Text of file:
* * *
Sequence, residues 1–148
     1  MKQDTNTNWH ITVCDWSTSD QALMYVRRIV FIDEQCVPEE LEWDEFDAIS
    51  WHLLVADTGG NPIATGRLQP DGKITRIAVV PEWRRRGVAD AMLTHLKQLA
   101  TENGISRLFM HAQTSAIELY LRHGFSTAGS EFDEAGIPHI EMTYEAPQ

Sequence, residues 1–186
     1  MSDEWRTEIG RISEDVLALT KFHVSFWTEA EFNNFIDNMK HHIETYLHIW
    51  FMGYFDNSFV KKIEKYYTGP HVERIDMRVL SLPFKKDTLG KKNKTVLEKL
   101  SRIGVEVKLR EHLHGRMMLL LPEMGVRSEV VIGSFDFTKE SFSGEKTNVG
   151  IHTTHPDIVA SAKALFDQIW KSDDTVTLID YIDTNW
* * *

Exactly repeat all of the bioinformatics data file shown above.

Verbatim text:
Sequence, residues 1–148
     1  MKQDTNTNWH ITVCDWSTSD QALMYVRRIV FIDEQCVPEE LEWDEFDAIS
    51  WHLLVADTGG NPIATGRLQP DGKITRIAVV PEWRRRGVAD AMLTHLKQLA
   101  TENGISRLFM HAQTSAIELY LRHGFSTAGS EFDEAGIPHI EMTYEAPQ

Sequence, residues 1–186
     1  MSDEWRTEIG RISEDVLALT KFHVSFWTEA EFNNFIDNMK HHIETYLHIW
    51  FMGYFDNSFV KKIEKYYTGP HVERIDMRVL SLPFKKDTLG KKNKTVLEKL
   101  SRIGVEVKLR EHLHGRMMLL LPEMGVRSEV VIGSFDFTKE SFSGEKTNVG
   151  IHTTHPDIVA SAKALFDQIW KSDDTVTLID YIDTNW